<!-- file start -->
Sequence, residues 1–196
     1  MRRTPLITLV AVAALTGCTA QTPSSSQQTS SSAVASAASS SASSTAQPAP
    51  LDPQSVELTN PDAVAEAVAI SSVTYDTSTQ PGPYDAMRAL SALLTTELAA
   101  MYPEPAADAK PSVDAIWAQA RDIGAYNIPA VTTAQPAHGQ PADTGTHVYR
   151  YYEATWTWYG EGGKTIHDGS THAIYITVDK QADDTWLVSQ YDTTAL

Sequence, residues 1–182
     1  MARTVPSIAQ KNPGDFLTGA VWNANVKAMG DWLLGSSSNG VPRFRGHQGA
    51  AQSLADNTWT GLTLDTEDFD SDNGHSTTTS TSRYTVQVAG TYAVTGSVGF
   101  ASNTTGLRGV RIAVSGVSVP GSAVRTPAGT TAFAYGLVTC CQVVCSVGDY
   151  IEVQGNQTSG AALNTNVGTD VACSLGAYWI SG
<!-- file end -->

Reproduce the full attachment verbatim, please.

Sequence, residues 1–196
     1  MRRTPLITLV AVAALTGCTA QTPSSSQQTS SSAVASAASS SASSTAQPAP
    51  LDPQSVELTN PDAVAEAVAI SSVTYDTSTQ PGPYDAMRAL SALLTTELAA
   101  MYPEPAADAK PSVDAIWAQA RDIGAYNIPA VTTAQPAHGQ PADTGTHVYR
   151  YYEATWTWYG EGGKTIHDGS THAIYITVDK QADDTWLVSQ YDTTAL

Sequence, residues 1–182
     1  MARTVPSIAQ KNPGDFLTGA VWNANVKAMG DWLLGSSSNG VPRFRGHQGA
    51  AQSLADNTWT GLTLDTEDFD SDNGHSTTTS TSRYTVQVAG TYAVTGSVGF
   101  ASNTTGLRGV RIAVSGVSVP GSAVRTPAGT TAFAYGLVTC CQVVCSVGDY
   151  IEVQGNQTSG AALNTNVGTD VACSLGAYWI SG